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Am J Med Genet. 1996 Nov 22;67(6):533-40.

Possible locus for bipolar disorder near the dopamine transporter on chromosome 5.

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  • 1Department of Psychiatry, University of California, San Diego, La Jolla 92093-0603, USA.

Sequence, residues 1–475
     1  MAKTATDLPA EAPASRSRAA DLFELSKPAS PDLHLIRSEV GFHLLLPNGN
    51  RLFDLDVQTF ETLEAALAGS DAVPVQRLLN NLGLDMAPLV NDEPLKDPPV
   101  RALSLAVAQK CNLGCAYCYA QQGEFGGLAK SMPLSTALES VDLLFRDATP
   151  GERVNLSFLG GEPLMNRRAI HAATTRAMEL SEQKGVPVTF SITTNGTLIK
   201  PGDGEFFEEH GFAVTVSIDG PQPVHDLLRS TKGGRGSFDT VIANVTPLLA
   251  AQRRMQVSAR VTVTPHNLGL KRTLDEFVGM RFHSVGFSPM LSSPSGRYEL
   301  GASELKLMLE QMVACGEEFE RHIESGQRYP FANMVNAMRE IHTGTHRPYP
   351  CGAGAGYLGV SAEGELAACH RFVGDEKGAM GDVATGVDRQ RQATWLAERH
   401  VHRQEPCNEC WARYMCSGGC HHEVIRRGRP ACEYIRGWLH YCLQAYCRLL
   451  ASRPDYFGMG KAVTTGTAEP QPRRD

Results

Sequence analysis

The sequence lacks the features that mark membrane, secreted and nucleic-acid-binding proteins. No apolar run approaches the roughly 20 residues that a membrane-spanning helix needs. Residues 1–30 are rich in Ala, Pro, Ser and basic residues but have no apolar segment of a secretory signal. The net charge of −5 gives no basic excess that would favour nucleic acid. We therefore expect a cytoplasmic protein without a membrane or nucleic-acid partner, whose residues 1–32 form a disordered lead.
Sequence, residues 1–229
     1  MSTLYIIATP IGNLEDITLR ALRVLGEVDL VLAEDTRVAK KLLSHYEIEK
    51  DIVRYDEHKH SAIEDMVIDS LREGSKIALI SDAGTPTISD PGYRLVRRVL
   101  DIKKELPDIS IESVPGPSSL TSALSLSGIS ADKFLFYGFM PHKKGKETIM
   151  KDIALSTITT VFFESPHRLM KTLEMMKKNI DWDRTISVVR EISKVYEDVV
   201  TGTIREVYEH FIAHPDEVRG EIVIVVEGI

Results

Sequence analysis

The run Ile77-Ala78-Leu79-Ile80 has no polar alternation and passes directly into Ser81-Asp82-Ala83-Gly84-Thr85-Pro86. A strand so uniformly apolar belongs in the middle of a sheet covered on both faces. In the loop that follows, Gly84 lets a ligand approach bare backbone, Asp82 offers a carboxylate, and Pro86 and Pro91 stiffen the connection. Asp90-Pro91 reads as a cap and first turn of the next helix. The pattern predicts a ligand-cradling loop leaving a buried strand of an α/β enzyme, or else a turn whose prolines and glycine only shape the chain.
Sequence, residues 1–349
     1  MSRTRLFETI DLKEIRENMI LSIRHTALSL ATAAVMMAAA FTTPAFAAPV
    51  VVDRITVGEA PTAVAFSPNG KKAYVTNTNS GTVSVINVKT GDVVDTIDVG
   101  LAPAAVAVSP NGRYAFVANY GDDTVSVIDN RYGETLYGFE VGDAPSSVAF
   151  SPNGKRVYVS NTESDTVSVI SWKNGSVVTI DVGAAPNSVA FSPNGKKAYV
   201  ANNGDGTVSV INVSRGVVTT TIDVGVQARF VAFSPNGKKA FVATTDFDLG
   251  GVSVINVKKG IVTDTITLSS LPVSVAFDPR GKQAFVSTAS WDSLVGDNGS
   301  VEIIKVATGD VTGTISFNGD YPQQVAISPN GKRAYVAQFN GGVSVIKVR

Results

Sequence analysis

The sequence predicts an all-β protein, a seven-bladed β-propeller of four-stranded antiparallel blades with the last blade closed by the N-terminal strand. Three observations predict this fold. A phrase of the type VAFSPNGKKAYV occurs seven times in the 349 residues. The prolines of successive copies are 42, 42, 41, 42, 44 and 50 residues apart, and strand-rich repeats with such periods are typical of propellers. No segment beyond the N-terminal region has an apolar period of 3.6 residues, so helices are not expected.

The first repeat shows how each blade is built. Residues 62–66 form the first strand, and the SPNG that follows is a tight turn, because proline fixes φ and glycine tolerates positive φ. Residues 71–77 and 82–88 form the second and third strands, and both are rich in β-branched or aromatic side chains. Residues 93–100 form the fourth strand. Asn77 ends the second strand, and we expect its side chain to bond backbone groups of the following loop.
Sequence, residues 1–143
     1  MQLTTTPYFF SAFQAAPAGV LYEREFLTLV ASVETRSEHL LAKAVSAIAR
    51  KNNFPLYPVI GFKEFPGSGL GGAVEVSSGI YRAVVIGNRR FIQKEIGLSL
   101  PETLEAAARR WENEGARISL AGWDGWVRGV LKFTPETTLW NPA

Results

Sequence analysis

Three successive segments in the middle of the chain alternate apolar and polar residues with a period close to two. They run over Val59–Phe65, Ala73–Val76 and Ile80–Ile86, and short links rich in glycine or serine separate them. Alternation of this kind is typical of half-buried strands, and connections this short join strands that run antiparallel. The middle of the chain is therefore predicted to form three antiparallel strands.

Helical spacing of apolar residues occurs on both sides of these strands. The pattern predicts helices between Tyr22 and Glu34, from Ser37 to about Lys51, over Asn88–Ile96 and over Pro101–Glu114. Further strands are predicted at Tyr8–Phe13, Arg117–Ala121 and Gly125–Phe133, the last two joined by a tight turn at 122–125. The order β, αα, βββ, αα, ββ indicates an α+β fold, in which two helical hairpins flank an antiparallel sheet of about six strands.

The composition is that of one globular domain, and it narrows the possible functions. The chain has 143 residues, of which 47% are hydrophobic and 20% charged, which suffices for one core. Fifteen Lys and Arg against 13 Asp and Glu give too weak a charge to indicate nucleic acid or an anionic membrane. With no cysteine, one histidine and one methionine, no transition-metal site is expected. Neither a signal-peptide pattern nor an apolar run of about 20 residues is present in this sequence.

The dopamine transporter (DAT) plays a key role in the regulation of dopaminergic neurotransmission by mediating the active reuptake of synaptic dopamine. It is an important candidate gene for bipolar disorder because of data implicating dopamine abnormalities in mania, and because it is the site of action of amphetamine, which has activating and psychotogenic properties. DAT has recently been cloned by its homology to a family of transporters, and mapped to chromosome 5p15.3. We tested DAT for linkage to bipolar disorder in a collection of 21 families from the general North American population (University of California, San Diego/University of British Columbia [UCSD/UBC] families), three Icelandic pedigrees, and Old Order Amish pedigree 110. We examined three markers at DAT, including a 5' TaqI RFLP (HDAT-TaqI), a highly polymorphic variable number of tandem repeats marker (VNTR) (HDAT-VNTR1), and a 3' 40-bp repeat marker (HDAT-PCR1), as well as two nearby microsatellite markers, D5S392 and D5S406. A maximum lod score of 2.38 was obtained at D5S392 in one of the UCSD/UBC families under an autosomal-dominant model. A lod score of 1.09 was also obtained under the same dominant model in the Amish at HDAT-PCR1. In the combined set of families, a maximum lod score of 1.76 was obtained under an autosomal-recessive model at HDAT-TaqI. Positive results were also obtained at several markers, using three nonparametric methods in the UCSD/UBC family set: the affected pedigree member method (P = 0.001), an affected sib pair method (ESPA, P = 0.0008), and the transmission disequilibrium test (P = 0.024). These results suggest the presence of a susceptibility locus for bipolar disorder near the DAT locus on chromosome 5.

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